A recent article in the NYTimes, Short-Term Thinking Is Poisoning American Business, talks about the short term focus:
Public Companies: “being evaluated by investors on their ability to produce immediate financial value, almost always in the form of value-extracting activities such as cost-cutting, price increases, share buybacks or other forms of financial engineering.”
Private Companies: “Ownership of America’s privately held companies has shifted away from long-term operators, like family-owned businesses, to third-party investors. The “exit-seeking” nature of virtually all of these institutional funds means investors seek to sell the businesses they acquire, and make a profitable exit, within five to 10 years.”
Customers and Employees: “as a result, a growing mismatch between the horizons of investors who control more of our private companies and the horizons of the employees, customers and suppliers who depend on them.”
We’ve discussed in the past about the efficiency of our Employee-Owned Company model. We don’t have to pay an investor, which allows our employees to make more money and our customers to have lower prices.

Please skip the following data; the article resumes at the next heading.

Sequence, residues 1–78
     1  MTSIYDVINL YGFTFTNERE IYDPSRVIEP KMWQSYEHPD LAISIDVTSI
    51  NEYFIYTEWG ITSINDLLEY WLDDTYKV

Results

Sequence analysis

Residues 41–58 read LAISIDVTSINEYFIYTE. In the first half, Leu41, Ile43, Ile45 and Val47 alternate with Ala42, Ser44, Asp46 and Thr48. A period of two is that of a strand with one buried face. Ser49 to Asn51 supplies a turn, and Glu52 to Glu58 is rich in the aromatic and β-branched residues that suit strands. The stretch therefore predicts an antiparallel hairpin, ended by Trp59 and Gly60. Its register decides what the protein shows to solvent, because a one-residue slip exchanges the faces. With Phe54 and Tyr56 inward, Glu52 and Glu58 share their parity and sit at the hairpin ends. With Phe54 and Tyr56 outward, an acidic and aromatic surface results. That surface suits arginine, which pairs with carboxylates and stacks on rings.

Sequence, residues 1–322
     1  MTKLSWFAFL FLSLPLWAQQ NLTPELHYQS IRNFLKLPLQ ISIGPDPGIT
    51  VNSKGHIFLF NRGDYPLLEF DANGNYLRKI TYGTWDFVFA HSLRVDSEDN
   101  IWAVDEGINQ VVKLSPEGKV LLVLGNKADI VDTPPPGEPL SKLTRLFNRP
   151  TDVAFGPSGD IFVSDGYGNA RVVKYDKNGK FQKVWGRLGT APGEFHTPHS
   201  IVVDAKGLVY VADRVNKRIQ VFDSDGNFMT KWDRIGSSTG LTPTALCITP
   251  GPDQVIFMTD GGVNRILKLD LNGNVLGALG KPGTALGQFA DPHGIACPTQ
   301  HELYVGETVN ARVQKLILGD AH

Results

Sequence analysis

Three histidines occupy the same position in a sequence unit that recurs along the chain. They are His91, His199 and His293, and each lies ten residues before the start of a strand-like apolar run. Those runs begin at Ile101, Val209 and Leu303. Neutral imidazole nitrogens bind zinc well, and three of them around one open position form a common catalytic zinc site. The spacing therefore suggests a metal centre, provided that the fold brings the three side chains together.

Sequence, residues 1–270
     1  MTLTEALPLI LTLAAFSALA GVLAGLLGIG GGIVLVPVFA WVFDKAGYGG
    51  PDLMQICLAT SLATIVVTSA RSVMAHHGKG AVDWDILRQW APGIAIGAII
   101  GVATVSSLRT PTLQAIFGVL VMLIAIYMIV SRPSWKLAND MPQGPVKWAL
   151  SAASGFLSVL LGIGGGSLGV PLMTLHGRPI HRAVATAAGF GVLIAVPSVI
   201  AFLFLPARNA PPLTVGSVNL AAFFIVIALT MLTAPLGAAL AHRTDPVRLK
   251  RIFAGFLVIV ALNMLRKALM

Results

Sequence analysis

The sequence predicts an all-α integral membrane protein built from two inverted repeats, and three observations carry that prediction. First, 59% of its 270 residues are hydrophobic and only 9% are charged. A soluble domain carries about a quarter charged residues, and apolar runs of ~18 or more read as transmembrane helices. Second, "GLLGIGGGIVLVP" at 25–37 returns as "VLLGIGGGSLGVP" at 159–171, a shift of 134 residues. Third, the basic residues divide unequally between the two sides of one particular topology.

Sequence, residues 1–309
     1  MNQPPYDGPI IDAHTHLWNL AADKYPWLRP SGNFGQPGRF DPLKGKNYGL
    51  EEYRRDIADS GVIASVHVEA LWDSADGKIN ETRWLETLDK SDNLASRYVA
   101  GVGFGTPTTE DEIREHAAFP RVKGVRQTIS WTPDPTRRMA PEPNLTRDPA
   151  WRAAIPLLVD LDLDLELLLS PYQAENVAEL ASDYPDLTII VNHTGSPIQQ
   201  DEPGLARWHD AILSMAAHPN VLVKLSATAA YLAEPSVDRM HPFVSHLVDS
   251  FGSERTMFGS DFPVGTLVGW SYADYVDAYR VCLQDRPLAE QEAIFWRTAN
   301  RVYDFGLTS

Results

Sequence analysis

The point of this article is more strategic than that. It is saying that most companies are making decisions for the short run, and not the long run. Yet customers are looking for a stable platform they can learn and continue to evolve with and aggregate data and experience over the course of many years (who likes change!). Employees are looking for stable, well paid jobs that they enjoy (who likes interviewing!).
Our employee owned structure makes us fundamentally different. By having a long time horizon we ensure we invest in things like infrastructure, sales tax compliance, PCI security and other “boring” things that assure we will be here for many years to come. Customers and employees are not required to change.
As some of our competitors go thru the cycles of their “exits” (see the Crowdrise example), we continue to stay on our path of building great technology for our customers. An acquired company may have excitement for the quarter, but we will have the ongoing stability to continuously improve. Without the distraction of the goals of a larger company influencing the investments and direction over time.
This is why we continue to have great years, as outlined in our 2019 Year in Review.